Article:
Saturday, May 16, 2015

Bill Nye ('Science Guy') Now Thinks GMOs Are Fine - He's Wrong!

John Phillips - bio-geneticist in Barbados - believes Bill Nye is totally wrong after having changed his mind on GMOs.

The news that 'Science guy' Bill Nye  has changed his mind on GMO seeds-foods and now supports them, e, g.

was disturbing to say the least. According to Nye:

"“GMOs are not inherently bad.....My take on it now is genetically modified plants, in general– are not only not harmful, they’re actually a great benefit. However, you can’t just go planting enormous monocultures and killing everything and expect the ecosystems to take it.”

When Nye's change of mind was put to Barbadian bio-geneticist John Phillips, he was in disbelief.

"How can he bring up the issue of planting enormous monocultures and then accept genetically modified foods as beneficial when that is the central threat humans must be concerned with - especially given climate change?  As for the belief that GMOs will feed the world, that went down long ago. There's no evidence for that at all."

The issue of monoculture seeds and biodiversity is one of Mr. Phillips' specialties so he would be most au fait with the reality that without such diversity our crops won't be able to adapt to climate change. And if they can't neither can humans, because without adequate food our species will starve or cannibalize itself.

As Mr.  Phillips pointed out, industrial agriculture prefers uniformity to diversity because it means higher profits with less effort. Thus the use of genetically modified seeds for corn, soy beans and sugar beets. Also, the use of glyphosate to enhance herbicide efficacy in GMOs though as pointed out before, these have a spectrum of negative effects, e.g.

Back to the higher profits aspect, Mr. Phillips put it succinctly:

"Seeds that could produce a uniform, high yielding crop are appealing, especially for corpora-industrial farmers supported by huge U.S. agricultural subsidies".

The most serious aspect? GMO seeds have since come to dominate the commodities market. We now have millions of acres of crops planted to resist the herbicide glyphosate, the active ingredient in Monsanto's Roundup. Companies like Monsanto then profit by selling the herbicides and the seeds for resistant crops.  Apart from spreading toxins, and undermining nutrients these genetically identical crops are bringing worldwide agricultural diversity and resilience to an all time low.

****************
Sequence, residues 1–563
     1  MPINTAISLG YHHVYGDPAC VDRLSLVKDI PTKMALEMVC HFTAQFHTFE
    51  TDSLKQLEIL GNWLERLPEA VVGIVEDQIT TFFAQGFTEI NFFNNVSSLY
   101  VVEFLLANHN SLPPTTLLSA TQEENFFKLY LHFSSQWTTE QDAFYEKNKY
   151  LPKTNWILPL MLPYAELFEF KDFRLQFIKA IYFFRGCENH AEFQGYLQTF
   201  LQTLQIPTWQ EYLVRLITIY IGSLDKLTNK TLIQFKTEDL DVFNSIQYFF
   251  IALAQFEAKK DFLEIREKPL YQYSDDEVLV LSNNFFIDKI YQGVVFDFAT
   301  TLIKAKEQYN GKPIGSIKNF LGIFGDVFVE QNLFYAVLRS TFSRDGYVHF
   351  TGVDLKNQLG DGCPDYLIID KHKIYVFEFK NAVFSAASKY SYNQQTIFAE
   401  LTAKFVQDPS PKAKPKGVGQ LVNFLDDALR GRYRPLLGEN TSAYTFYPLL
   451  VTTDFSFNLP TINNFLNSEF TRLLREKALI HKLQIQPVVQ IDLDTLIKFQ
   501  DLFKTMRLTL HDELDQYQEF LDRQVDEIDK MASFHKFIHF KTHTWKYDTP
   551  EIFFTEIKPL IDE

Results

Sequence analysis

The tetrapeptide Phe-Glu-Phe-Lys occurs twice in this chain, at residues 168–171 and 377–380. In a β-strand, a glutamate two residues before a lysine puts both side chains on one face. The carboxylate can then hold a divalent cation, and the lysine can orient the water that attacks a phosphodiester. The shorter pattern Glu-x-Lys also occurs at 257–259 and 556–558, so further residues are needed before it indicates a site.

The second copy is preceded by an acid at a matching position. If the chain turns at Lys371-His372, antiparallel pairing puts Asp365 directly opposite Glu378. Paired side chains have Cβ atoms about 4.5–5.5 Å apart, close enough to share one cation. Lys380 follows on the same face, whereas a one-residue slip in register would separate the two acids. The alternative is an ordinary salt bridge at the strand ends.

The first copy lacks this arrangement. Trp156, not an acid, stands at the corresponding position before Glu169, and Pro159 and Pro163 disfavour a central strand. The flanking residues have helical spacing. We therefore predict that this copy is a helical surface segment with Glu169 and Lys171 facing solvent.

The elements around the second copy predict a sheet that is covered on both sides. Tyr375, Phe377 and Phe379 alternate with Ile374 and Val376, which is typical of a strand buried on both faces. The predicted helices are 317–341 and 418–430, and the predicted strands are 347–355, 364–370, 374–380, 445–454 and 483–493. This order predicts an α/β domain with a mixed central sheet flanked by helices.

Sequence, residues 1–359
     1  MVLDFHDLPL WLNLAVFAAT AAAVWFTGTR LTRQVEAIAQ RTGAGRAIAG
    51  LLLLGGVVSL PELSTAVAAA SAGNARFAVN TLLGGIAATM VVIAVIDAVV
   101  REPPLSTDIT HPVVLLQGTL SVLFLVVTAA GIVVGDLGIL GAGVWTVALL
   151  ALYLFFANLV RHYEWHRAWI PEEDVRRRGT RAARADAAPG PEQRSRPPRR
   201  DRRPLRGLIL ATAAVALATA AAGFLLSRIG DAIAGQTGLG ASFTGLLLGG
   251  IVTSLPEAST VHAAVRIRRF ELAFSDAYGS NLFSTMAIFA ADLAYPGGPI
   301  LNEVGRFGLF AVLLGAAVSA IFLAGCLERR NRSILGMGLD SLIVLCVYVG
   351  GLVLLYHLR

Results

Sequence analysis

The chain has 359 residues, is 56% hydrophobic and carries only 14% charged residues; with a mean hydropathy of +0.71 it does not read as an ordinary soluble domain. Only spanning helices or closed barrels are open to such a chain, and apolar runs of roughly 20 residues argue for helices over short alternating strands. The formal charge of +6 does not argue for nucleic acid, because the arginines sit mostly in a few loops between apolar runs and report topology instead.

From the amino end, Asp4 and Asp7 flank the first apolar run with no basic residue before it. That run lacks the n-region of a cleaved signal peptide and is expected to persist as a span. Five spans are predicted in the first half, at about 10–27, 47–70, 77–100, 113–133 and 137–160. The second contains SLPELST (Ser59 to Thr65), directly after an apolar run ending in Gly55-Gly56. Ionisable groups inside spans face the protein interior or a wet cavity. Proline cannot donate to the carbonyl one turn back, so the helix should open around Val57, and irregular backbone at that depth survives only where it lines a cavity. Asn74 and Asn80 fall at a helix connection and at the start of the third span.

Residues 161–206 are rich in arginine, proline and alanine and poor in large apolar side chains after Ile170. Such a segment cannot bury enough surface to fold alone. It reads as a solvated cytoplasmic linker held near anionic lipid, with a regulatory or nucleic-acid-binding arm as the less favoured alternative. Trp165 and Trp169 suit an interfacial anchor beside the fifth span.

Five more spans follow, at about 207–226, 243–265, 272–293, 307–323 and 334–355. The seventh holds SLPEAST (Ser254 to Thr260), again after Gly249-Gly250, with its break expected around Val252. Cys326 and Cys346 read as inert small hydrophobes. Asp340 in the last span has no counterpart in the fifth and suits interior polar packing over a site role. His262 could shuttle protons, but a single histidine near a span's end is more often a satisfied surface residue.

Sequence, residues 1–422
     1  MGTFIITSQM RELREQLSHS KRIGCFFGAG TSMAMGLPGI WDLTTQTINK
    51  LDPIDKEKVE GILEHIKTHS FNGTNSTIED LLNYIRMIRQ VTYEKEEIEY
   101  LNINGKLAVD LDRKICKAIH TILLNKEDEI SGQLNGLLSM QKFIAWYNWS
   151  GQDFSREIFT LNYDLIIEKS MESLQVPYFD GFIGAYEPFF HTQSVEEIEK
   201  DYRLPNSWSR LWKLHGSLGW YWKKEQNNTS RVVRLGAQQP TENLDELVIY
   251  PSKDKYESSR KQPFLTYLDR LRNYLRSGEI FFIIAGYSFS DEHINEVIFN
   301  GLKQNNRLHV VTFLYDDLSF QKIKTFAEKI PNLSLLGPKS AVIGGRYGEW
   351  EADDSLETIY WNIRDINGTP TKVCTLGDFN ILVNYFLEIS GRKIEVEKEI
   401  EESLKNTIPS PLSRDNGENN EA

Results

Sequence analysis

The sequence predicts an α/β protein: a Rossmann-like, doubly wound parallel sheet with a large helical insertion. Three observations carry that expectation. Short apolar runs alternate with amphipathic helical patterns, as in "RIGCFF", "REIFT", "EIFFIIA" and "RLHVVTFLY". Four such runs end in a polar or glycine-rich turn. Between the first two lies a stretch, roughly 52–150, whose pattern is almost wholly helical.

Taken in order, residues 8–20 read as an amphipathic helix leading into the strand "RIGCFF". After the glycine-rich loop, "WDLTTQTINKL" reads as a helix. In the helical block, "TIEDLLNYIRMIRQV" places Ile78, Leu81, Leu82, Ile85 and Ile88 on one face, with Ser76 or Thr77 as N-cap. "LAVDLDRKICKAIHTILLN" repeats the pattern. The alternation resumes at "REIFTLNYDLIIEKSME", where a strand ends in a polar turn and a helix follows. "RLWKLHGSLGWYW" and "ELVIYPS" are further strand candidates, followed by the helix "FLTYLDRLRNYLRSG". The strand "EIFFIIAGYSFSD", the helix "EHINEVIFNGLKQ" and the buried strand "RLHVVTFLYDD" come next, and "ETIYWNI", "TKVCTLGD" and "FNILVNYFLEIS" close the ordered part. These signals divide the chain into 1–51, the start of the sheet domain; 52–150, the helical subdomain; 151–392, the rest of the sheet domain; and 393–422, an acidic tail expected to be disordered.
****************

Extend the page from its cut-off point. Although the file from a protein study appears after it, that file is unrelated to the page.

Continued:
This is occurring at exactly the same time that climate change is ramping up with the CO2 concentration now at 394 ppm and being added at 2 ppm/ yr. If 450 ppm is the putative threshold for the runaway greenhouse effect (when all literal hell breaks loose) that leaves about 31 years for its arrival, assuming the rate of increase doesn't accelerate.

As Phillips puts it:

"When farmers select their seeds from each new generation, they are selecting for genetic diversity and regional adaptation. Thus, in a world facing brutal climate change, the diversity and adaptability of our crops is the foundation of our future security. GMO monocultures undermine that security and even Nye ought to be able to process that."

Is there an end run around this? Phillips suggests seed exchanges as "the first line of defense against the loss of biodiversity". Analogous to how a diversified stock portfolio offers protection against massive loss - say if one were to keep assets in just one or two stocks - seed biodiversity offers resilience in a rapidly changing climate..

Having already come down strongly in support of climate change, in a public debate, e.g.

It boggles the mind that Nye would fail to see the connection between it and loss of biodiversity on account of the spread of GMO monocultures.

John Phillips does, and he is hopeful Bill Nye soon returns to his original position in recognition of the fact that GMO seeds are not a good thing - for humans now, or in the future.

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